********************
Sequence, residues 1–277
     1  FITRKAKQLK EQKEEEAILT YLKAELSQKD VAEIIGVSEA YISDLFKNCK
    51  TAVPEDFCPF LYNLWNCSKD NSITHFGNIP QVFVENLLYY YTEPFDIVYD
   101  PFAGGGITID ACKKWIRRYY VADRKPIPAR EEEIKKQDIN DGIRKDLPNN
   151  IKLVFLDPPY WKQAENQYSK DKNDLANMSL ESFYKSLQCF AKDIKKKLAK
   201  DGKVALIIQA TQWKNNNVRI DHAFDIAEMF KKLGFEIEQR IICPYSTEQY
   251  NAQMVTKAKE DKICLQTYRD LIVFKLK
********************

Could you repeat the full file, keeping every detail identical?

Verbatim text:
Sequence, residues 1–277
     1  FITRKAKQLK EQKEEEAILT YLKAELSQKD VAEIIGVSEA YISDLFKNCK
    51  TAVPEDFCPF LYNLWNCSKD NSITHFGNIP QVFVENLLYY YTEPFDIVYD
   101  PFAGGGITID ACKKWIRRYY VADRKPIPAR EEEIKKQDIN DGIRKDLPNN
   151  IKLVFLDPPY WKQAENQYSK DKNDLANMSL ESFYKSLQCF AKDIKKKLAK
   201  DGKVALIIQA TQWKNNNVRI DHAFDIAEMF KKLGFEIEQR IICPYSTEQY
   251  NAQMVTKAKE DKICLQTYRD LIVFKLK